Volume 68, Issue I
By Julia Orientale
Junior Charlotte Sendek has been a Girl Scout for the past 11 years, starting a Daisy scout and now a Senior scout. When Girl Scouts reach middle school, they have the option to create a project that becomes their Bronze Award. After the bronze award, a girl scout can decide if she wants to go for the Silver Award. After the silver comes the gold, the highest honor a Girl Scout can receive. Earning the gold award requires lots of hard work and determination. In order to earn the award, a Girl Scout must individually spend 80 hours on a project that will benefit her whole community sustainably.
Sendek, currently pursuing the Gold Award, was inspired by her family friend who runs the nonprofit Vetiquette. For Sendek’s project, she is collecting artwork to send to blue and gold star families (a blue star family has a family member currently in service and a gold star family has a family member who died in service). She is collecting artwork from anyone as pieces por- tray the character traits of veterans and their families. Vetiquette conducts projects similar to those that receive Gold Awards to help raise awareness about veterans. Charlotte wanted to help this charity because she thinks it’s a very important and thoughtful cause.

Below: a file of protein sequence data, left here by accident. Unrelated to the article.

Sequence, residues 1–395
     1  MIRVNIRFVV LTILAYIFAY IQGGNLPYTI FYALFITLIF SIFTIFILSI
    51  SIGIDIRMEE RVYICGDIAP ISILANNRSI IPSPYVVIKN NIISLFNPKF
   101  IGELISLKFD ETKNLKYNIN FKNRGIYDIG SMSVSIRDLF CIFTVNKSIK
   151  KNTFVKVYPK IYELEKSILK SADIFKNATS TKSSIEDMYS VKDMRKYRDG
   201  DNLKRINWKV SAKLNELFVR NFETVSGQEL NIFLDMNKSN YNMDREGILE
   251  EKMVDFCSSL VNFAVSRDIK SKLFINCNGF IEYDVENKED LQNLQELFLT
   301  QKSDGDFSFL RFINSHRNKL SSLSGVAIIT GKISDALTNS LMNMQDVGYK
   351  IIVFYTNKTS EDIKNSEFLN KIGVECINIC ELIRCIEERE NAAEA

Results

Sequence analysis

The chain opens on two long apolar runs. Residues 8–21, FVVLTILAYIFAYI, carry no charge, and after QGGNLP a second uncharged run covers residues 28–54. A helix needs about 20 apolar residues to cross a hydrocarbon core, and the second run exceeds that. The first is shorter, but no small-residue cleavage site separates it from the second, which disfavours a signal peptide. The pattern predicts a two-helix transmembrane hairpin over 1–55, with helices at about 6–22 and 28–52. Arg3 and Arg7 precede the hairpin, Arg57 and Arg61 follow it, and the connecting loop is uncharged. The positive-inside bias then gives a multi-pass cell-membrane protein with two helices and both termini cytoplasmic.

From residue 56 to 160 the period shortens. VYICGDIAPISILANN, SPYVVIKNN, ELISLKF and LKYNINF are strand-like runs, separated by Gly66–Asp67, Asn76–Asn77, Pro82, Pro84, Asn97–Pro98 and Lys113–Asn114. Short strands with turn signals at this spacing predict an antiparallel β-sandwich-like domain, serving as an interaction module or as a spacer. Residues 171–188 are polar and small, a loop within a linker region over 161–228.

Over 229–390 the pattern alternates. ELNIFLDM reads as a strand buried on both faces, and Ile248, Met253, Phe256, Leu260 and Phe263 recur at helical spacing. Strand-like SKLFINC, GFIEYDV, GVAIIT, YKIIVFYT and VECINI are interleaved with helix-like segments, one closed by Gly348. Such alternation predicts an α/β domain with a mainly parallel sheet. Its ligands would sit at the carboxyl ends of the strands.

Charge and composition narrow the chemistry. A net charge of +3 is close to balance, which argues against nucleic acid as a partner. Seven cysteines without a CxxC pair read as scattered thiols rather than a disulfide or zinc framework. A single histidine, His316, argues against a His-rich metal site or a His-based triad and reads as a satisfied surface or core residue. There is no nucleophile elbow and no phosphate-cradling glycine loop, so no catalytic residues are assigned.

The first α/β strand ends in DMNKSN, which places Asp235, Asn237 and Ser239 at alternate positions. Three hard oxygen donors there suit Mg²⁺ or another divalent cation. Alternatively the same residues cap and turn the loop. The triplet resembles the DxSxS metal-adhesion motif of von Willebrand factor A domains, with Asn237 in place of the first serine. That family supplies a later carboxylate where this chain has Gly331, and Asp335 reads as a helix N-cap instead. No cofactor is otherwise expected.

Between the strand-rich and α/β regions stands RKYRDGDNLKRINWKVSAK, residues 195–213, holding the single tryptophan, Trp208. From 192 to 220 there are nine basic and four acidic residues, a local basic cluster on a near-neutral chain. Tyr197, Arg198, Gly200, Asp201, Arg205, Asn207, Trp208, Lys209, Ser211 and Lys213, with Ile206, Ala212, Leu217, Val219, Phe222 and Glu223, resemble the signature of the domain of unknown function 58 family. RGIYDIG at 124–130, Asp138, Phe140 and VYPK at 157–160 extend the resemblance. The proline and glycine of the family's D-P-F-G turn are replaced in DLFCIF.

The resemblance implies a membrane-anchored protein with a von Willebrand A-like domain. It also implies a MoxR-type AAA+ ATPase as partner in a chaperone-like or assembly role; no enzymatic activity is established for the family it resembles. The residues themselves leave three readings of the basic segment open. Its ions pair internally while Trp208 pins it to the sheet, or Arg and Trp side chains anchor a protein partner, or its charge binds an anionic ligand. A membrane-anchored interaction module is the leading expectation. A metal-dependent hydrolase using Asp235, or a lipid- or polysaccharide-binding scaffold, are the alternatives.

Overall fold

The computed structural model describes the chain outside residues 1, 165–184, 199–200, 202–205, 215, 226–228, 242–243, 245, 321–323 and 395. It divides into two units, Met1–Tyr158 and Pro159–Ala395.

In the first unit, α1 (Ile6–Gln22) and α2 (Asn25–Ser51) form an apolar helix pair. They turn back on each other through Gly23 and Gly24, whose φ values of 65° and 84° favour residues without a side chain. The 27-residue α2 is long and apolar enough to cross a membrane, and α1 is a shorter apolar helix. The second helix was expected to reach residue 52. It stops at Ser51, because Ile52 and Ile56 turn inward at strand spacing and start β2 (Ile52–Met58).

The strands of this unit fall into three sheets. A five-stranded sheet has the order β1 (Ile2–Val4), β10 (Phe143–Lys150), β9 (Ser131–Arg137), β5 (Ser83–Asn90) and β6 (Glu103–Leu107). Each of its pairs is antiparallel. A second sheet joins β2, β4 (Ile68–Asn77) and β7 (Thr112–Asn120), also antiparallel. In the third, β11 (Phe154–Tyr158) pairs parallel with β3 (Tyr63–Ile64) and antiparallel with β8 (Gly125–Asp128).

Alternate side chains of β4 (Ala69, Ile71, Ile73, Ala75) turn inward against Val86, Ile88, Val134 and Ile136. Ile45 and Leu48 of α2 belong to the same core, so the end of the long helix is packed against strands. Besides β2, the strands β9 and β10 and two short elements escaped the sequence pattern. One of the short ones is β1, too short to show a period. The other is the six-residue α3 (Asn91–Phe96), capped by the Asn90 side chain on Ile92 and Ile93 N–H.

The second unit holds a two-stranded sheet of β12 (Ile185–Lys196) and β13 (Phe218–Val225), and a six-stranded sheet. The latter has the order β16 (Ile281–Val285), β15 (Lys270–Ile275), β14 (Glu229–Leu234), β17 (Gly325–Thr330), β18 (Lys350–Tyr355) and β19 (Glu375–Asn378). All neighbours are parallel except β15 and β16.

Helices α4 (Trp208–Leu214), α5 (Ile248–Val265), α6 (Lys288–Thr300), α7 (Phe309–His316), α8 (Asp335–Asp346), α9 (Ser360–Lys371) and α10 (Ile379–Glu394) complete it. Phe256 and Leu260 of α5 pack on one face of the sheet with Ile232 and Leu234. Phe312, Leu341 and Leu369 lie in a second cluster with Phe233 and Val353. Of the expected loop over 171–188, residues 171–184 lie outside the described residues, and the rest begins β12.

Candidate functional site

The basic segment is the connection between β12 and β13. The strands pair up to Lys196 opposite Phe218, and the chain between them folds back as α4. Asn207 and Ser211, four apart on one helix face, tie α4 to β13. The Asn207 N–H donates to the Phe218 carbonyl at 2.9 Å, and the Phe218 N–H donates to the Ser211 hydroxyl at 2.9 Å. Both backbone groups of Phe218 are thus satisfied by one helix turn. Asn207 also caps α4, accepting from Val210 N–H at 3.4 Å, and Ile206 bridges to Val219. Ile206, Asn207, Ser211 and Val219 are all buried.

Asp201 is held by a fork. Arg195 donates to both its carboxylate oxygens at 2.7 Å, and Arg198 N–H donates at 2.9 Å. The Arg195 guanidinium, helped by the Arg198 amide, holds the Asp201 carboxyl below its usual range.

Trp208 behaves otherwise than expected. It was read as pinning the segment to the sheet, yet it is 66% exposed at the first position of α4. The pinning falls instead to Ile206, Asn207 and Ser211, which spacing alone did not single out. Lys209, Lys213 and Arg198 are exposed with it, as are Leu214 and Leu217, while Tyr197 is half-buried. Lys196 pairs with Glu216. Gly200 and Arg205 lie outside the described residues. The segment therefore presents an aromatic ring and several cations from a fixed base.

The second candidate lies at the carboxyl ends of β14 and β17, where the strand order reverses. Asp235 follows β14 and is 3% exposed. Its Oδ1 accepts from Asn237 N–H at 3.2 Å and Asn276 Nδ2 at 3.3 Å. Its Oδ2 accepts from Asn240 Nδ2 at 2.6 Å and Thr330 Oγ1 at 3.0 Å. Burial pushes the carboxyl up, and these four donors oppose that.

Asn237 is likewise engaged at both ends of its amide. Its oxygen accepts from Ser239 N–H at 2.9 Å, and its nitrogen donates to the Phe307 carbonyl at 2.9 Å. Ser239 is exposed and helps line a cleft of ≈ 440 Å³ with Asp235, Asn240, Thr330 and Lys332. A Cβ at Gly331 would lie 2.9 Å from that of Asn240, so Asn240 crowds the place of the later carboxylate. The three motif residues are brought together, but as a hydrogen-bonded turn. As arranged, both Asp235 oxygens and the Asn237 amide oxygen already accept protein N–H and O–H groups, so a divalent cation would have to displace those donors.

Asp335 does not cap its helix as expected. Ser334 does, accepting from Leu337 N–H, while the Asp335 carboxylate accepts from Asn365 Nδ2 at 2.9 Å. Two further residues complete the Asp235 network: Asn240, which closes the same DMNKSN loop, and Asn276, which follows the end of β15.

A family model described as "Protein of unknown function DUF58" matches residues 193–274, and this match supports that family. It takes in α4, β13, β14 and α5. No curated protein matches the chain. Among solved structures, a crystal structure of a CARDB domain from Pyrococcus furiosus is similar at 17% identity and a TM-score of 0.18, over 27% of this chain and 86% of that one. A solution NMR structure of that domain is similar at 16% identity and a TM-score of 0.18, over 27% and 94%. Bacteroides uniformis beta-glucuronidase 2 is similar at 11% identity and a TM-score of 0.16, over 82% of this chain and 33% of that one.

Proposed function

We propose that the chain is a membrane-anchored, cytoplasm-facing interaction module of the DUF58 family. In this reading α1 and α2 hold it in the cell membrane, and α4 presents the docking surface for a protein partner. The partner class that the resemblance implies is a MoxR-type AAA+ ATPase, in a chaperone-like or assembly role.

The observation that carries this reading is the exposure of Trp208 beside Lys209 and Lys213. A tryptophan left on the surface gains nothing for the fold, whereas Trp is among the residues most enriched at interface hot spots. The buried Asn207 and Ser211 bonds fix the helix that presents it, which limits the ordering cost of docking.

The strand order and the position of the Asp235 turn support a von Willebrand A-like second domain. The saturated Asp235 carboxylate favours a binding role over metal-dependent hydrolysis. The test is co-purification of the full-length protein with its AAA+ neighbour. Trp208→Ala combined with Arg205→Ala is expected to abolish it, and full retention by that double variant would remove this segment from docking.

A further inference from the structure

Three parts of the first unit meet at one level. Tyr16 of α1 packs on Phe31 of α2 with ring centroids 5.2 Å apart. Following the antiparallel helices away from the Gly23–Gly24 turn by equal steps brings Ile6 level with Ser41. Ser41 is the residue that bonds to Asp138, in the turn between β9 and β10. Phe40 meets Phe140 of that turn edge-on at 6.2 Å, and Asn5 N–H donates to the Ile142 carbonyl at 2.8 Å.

People can help Sendek by donating artwork such as a sketch or a painting. The piece must reflect character traits of veterans and their families. It can be a flat piece or a fold-over card with a recommend- ed size of 5×7 inches. Charlotte is willing to provide materials. People can also help by donating money to offset shipping costs. If you have any questions, feel free to contact Sendek at email@example.com.